The US government announced Monday the end of a special protected status for about 200,000 Salvadoran immigrants, a move that threatens with deportation tens of thousands of well-established families with children born in the United States.
Homeland Security Secretary Kirstjen Nielsen announced the end of the "temporary protected status" (TPS) granted to Salvadorans already in the United States in 2001, when two major earthquakes rocked the Central American country.
They were given 18 months to leave or be deported, which officials said is enough time for a legislative solution to be crafted by Congress to allow them to stay.
"Only Congress can legislate a permanent solution addressing the lack of an enduring lawful immigration status of those currently protected by TPS who have lived and worked in the United States for many years," said the DHS.
The move came in the wake of the termination of similar TPS protections for 59,000 longtime resident Haitians and 5,300 Nicaraguans late last year, after having been allowed to set deep roots inside the United States for decades.
DHS said Nielsen made the decision after a review determined "that the original conditions caused by the 2001 earthquakes no longer exist" and so extending the 17-year-old TPS cannot be justified.
But the decision also comes as part of a broader crackdown on illegal immigration by President Donald Trump.
Many if not most of those in the TPS programs had originally entered the country illegally or overstayed visas, but TPS had effectively allowed them to settle down without the constant fear of deportation.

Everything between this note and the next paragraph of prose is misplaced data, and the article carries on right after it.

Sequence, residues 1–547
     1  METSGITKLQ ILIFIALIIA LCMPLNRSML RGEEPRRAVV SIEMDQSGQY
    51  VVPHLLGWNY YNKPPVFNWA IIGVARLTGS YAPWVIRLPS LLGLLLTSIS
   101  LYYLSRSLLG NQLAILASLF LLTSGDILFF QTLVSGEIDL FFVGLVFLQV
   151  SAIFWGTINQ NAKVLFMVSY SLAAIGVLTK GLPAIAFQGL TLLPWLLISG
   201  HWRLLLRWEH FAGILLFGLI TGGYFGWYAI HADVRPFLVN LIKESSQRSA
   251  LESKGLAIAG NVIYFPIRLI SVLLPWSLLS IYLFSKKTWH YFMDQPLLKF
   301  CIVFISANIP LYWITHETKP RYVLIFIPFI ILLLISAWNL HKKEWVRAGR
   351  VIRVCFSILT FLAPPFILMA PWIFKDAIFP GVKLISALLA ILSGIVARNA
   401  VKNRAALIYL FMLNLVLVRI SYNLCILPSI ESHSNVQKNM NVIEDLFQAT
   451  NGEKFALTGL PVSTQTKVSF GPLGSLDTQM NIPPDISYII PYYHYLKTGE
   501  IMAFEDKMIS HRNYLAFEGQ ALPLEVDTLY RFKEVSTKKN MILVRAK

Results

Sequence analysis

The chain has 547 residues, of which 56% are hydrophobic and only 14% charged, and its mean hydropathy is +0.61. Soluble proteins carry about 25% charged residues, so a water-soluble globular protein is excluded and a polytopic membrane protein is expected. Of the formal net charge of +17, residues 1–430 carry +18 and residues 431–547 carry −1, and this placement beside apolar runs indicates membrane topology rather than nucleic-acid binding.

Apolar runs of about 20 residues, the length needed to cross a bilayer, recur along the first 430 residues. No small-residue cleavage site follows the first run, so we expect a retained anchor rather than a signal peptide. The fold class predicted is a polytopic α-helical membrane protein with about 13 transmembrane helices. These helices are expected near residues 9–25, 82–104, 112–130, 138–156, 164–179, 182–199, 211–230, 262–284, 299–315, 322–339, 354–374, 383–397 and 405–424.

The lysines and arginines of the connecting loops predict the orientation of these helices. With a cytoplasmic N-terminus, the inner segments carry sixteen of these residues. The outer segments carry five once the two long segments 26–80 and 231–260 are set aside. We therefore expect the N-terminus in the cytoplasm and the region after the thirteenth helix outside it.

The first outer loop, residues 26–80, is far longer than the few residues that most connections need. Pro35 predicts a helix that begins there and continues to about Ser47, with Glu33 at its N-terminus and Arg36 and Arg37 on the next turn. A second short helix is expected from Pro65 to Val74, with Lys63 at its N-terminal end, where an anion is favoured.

Previous governments rolled over TPS status with little debate, but Trump has pursued a tougher "law and order" approach to the issue.
Without a change in the law, the move will force some 195,000 Salvadorans to leave the country by Sept. 9, 2019.
It impacts large communities of deeply rooted people in California, Texas and around the US capital, more than 135,000 households, according to the Center for Migration Studies.
Nearly all have jobs, over a quarter own homes with a mortgage, 10 percent are self-employed and about 10 percent have married US citizens.
The decision will also impact nearly 193,000 children of Salvadorans born in the United States — and who therefore have citizenship rights, unlike their parents.
"They are employed, support families, own homes and pay taxes. They are human beings pursuing the American Dream," said John Boardman, executive secretary-treasurer of the Washington, D.C.-area local of the UNITE HERE union, which counts many Salvadoran hotel and restaurant workers as its members.
"If that is not enough, then understand that they are an integral part of our economy and the failure to recognize that comes with dire consequences for industries like hospitality," Boardman said.
Democrats in Congress condemned the decision, many noting that the high level of insecurity in El Salvador, where criminal gangs run rampant, puts the lives of returnees in danger.
"Today's decision is a poignant reminder that we have an anti-immigrant president who turns his back on hardworking families and insists on governing by fear and intimidation," said Nevada Senator Catherine Cortez Masto.
"Revoking TPS for Salvadorans will not only tear families apart, deportation could expose thousands of them to potentially dangerous and life-threatening situations," she said.
Immigrant advocates and many lawmakers held out hopes for a deal with the White House that would allow the Salvadorans to stay, and a senior official, speaking to journalists Monday, suggested that the administration would be amenable to action by Congress.
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